Balancing the Grind with Jaala Alex, Community Manager at Thriday

Jaala Alex is the Community Manager at Thriday, an all-in-one financial management platform for businesses.

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1) To kick things off, could you tell us a little about your career background and current role?

I’ve had an interesting migration to startups and fintech in particular; which I’ve discovered is not uncommon at all. My career started in the arts. I studied fine art photography and finished with a performance piece for my Honours year. When I lived in Brisbane I worked in a diverse range of arts organisations (contemporary arts, craft arts, museums, film festivals) in marketing roles. 

It was when I moved to Melbourne that the world of startups opened up to me, and I was hooked. I always loved new ideas and interdisciplinary approaches to problems solving or challenges; in fact, that’s in many ways how I thought about art.

I started working at Monash University’s accelerator program and I fell in love with the bright minds of its students. This is when I really got hooked on startups and their people. It was only a natural progression for me to move towards a people-focused role as Community Manager.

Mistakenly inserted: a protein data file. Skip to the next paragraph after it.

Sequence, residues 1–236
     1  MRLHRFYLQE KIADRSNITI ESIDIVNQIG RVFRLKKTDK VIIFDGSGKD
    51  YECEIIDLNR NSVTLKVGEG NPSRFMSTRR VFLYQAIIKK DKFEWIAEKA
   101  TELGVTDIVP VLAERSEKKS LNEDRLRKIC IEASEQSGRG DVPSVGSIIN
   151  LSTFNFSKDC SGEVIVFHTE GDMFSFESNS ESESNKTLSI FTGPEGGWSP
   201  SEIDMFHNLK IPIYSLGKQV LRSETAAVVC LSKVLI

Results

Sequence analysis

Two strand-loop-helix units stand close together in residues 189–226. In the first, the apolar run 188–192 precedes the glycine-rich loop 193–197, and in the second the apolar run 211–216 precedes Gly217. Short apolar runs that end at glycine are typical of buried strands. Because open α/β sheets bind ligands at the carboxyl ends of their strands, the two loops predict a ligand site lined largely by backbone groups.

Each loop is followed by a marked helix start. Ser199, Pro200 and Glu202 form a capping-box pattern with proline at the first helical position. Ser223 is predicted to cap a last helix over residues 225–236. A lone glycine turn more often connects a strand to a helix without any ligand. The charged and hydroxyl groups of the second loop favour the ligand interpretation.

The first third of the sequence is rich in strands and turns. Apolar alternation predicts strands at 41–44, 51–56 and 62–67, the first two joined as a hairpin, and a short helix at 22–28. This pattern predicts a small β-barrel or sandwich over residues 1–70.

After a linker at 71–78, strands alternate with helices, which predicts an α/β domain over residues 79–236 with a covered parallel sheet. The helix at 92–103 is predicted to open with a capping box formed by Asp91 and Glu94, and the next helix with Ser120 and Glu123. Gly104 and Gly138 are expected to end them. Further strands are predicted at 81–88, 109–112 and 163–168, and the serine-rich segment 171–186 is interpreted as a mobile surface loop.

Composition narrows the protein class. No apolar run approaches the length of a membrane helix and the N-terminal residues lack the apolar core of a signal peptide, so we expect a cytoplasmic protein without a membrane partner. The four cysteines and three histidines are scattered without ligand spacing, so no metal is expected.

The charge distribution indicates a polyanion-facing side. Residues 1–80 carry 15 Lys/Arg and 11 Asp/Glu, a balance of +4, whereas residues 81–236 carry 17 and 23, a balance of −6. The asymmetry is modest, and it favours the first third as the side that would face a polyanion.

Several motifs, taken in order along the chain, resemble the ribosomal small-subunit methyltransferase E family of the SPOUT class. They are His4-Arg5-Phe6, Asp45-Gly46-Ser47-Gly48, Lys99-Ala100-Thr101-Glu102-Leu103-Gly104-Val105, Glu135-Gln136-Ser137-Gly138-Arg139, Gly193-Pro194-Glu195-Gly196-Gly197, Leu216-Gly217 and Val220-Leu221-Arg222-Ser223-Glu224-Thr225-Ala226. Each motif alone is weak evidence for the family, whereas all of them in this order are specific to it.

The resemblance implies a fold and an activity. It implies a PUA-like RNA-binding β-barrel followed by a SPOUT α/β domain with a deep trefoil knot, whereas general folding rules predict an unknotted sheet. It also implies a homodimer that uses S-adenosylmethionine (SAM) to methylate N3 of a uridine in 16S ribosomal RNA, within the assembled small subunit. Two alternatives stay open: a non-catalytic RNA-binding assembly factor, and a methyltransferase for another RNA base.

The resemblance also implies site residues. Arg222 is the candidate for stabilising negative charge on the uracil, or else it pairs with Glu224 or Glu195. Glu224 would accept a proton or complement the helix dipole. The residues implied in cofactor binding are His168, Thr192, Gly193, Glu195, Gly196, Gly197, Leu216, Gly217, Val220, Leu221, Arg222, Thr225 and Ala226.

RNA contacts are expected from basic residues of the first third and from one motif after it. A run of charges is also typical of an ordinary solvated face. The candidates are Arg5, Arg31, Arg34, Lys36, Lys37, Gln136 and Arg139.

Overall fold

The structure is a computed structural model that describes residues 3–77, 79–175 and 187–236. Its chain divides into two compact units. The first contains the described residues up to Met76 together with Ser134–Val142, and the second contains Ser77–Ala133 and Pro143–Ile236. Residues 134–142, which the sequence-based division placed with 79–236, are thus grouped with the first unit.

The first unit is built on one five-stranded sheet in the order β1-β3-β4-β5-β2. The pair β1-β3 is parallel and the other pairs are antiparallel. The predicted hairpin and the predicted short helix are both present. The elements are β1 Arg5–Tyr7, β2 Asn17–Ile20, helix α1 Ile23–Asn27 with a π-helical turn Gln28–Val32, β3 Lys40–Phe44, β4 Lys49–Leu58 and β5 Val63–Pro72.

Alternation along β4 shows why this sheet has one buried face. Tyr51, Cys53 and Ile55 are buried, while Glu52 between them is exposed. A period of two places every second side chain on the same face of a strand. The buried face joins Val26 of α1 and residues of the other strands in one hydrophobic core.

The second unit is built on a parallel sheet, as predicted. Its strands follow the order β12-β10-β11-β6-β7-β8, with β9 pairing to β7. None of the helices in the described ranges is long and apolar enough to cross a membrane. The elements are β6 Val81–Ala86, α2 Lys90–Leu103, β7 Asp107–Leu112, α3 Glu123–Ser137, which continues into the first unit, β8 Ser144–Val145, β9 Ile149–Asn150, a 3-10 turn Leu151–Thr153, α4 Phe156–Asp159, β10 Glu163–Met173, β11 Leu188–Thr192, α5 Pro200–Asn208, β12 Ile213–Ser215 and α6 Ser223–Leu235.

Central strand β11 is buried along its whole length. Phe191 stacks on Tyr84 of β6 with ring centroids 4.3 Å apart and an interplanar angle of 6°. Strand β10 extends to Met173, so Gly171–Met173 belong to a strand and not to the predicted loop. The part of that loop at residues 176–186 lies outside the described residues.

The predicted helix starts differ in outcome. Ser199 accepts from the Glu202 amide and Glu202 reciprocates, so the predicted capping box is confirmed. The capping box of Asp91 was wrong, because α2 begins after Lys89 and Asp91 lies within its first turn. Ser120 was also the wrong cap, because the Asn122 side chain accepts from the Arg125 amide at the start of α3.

Someone recently asked me about my art, and said “What do you do now? You don’t work in finance, do you?” 

Well, yes I do. However, almost everything we do is creative; we have to be critical, challenge the status quo, think of innovative solutions to hard problems, communicate in a clear and exciting way to the public, just like you do in art.

I get to work with passionate people about a real problem that can create real change in people’s lives, so to me the fact that I work for a fintech company is superfluous. 

2) What does a day in your life look like for you? Can you take us through a recent workday?

After my Mum passed, I moved from the inner-North of Melbourne to the Surf Coast, so my life looks pretty different now. I’ve also reduced my hours from 5 days/week to 4 for obvious reasons, that I don’t need to (but always feel the need to!) justify. 

What my days look like now are: setting boundaries, asking permission to not be okay all the time, and being compassionate to myself.

I love sleeping. And, with all that I’m dealing with emotionally, I need it! So, I wake up at 7:30am, sometimes 8am, cuddle my dog for half an hour (vital) and am ready for the world by 8:30am with coffee in hand (also vital). 

I start work at 9am.